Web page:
I had thought of it only in terms of phenomena to which statistics are commonly attached, or where there are fairly easy assessment standards.

    For instance, I was writing recently about David Beckham, and his son Romeo appearing as a football mascot. I said the youngster looked the part, as though he could easily become a top footballer, like his dad. Lots of people will find that easy to believe, too, because success in sport and other fields of endeavour does tend to run in families, either through good genes or being brought up with the expectation of success, along with having access to top-class coaching, etc.

    However, the chances of Romeo or his siblings being as spectacularly good at football as their father are very slim. The best of them could well be good, or very good; but it is unlikely there will be an international superstar among them. Regression to the mean suggests otherwise.

    I liked Feinmann’s comment too: aggression from the mean. Absolutely!


    1. I’ve only quite recently become aware of ‘regression to the mean’ – and in the excitement of this discovery, have been seeing it everywhere – I mean it even happened to me when for a period of a couple of decades I lost interest in the radical philosophy of paedophilia and slowly drifted back to the default position (the ‘virtuous’ position) on child-adult sensual intimacy. It wasn’t that I’d been convinced by that position, but just that maintaining a radical position in the face of the Culture’s constant pressure to the contrary required more mental effort than I was willing to give it.

      It was that I’d stopped thinking about the issues or stopped being a paedophile – but I had stopped thinking deeply enough to be able to see beyond the wall of propaganda put out by society. Counter-cultural positions are harder work to maintain than Conformist ones – indeed it can happen that one’s very life is the price of maintaining some counter-cultural opinions.


  5. Regression To The Mean

    Lensman, you are very brave to come out to other people, and I suspect you are an exception to the unwritten rule that says: ‘if you are a member of a hated minority group then it is wise to stay very, very quiet.’ From a gay blog: “Staying in the closet forever is a bad thing, but sometimes it’s a necessary evil. Being in the closet involves lying, by omission or by practice, about who you are and what your desires are. It will injure your relationships with both friends and partners, and it will keep you in a constant state of concern of being found out.” I can appreciate that one of the very few solaces to the majority of paedophiles is anonymous and on-topic forums located within the dark web.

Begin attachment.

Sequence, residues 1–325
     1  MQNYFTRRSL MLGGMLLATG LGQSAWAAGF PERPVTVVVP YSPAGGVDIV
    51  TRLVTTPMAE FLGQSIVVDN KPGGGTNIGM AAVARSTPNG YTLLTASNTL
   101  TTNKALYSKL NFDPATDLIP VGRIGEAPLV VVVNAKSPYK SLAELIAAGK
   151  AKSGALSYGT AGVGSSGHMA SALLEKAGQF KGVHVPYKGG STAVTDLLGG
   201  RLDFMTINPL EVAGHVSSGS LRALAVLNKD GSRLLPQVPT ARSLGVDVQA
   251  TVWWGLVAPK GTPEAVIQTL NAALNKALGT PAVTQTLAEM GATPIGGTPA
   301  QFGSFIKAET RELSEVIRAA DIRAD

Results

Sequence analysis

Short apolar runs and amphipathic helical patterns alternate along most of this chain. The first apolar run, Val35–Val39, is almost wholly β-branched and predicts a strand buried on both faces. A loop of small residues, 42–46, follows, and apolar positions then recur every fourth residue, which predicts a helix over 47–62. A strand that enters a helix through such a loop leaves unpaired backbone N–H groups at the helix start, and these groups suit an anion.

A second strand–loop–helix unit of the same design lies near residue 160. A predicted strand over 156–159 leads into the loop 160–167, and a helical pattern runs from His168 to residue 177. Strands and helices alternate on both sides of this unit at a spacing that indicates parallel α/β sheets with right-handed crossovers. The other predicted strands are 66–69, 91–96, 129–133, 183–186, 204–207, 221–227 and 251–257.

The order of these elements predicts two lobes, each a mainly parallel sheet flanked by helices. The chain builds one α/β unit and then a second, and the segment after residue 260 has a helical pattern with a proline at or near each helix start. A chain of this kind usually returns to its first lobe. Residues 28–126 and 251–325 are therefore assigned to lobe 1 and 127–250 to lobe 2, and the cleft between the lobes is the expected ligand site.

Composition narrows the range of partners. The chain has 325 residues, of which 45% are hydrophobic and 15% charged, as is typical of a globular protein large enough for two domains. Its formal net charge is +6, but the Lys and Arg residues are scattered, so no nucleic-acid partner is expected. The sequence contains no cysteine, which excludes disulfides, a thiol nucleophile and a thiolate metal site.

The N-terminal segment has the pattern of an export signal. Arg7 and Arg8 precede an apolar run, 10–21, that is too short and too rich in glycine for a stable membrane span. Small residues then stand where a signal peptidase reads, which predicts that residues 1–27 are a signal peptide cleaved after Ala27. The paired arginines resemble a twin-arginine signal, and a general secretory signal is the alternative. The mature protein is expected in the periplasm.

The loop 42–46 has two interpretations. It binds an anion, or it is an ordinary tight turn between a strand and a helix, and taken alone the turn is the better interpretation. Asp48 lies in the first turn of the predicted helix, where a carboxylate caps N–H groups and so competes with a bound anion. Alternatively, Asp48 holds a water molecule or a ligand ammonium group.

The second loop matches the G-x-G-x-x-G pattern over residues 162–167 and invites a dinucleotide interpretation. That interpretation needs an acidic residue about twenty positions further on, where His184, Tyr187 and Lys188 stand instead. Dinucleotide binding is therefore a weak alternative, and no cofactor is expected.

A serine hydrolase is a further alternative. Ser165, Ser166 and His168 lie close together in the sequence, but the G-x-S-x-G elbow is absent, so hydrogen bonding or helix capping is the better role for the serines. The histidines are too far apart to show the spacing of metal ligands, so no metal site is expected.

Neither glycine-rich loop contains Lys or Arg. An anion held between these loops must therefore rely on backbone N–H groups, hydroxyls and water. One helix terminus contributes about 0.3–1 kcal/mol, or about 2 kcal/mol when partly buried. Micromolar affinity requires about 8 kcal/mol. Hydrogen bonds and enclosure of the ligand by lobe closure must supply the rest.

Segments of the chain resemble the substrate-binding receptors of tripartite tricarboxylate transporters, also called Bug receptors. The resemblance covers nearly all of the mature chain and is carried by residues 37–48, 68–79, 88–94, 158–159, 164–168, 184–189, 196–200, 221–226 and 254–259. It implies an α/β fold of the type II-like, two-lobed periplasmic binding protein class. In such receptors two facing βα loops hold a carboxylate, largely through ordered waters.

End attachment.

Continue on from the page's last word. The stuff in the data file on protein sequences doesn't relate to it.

I have come out to several ‘best friends’, only for them to subsequently turn against me, one spectacularly so who spread the word amongst the community where I live – the net result: I have to watch my back. In another place and at an earlier time, I was on the receiving end of verbal abuse in public (whilst on bail); the negative impact this had on me was massive, and precipitated a visit to my doctor who arranged a chat with the local state mental health care clinic. Here, I was promptly rated a suicide risk. It was at the clinic where for the very first time in my life, I ‘fessed-up my paedosexuality. Despite my suicide status, in a subsequent interview, I was told by the clinic that based on what I had told them, they considered me to be a risk to society and had thus reported me to the police. On that same day, I attempted suicide.